An old post meant for May, but posted in December, in response to Nick Lemann’s New Yorker article on the cost of college :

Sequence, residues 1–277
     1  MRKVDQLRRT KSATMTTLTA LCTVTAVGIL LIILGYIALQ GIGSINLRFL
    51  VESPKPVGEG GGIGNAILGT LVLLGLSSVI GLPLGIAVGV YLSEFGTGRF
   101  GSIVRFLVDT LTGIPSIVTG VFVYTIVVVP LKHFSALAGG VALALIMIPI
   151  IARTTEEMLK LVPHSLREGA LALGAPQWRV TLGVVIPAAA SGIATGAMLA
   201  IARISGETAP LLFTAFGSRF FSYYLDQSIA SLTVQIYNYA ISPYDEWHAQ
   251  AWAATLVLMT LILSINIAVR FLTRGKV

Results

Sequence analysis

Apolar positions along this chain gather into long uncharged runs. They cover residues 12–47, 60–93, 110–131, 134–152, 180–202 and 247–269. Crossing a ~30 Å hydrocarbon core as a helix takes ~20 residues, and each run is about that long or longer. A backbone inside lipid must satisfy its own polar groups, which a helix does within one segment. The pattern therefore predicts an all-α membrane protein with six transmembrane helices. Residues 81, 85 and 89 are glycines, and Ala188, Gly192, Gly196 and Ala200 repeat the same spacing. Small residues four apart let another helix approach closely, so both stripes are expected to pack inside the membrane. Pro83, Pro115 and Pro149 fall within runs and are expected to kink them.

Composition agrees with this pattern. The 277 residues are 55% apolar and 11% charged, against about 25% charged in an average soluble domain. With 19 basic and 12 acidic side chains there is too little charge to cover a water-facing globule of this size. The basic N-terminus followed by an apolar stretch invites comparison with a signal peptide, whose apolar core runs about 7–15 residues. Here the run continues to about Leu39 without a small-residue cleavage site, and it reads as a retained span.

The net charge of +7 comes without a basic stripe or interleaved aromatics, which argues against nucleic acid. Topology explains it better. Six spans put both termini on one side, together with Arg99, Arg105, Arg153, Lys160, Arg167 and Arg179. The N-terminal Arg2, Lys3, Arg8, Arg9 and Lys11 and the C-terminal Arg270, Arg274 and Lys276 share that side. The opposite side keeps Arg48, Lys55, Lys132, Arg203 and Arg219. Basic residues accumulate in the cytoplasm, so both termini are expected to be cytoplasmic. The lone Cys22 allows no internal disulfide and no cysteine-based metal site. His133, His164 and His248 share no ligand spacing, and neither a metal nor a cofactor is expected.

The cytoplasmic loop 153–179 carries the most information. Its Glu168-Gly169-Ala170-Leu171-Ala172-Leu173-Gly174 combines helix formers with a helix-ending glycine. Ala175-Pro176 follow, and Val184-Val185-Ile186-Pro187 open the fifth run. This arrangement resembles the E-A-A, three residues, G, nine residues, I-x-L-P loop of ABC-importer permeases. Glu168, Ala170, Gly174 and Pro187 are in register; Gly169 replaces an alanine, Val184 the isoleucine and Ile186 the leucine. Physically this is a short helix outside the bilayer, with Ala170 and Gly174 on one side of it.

It’s common knowledge these days that student loan debt has soared past credit card debt in the United States, and Romney and Obama have drawn their lines in the sand about the cost of college and each man’s plan to fix it. The problem is that Mr Lemann’s argument – government should continue to “pump” money into the system to “spread opportunity more widely”, a “small price to pay” for long term gains in society – implies that the system will figure itself out as if it has two eyes and a head. Those running elite institutions (like the ones Mr Obama and Romney attended) will continue to function as elite, with endowments and governmental grants that have protected nonprofit schools from faltering along with their moneyed, status-driven alumni and celebrity rankings. But he mentions that “the system is built to take in just about all high school graduates” , which is a false assumption. Harvard and all want-to-be Harvards vie for top spots in the national rankings which are geared towards exclusivity and unattainable statuses. State colleges are no better- the CSU system has failed to accommodate its rise in yearly applications and has cut funding so much that it will deny more students than ever. And what about all the high school graduates who are well beyond college years who seek an education? There’s community college, which is also plagued by capacity problems. Any hard look at the current system will reveal that it is not focused educating the masses, but rather those with deep pockets, or in recent years, international students with even deeper pockets. Democracy in education is not a dream for the incumbent institutions, indeed, but rather a nightmare.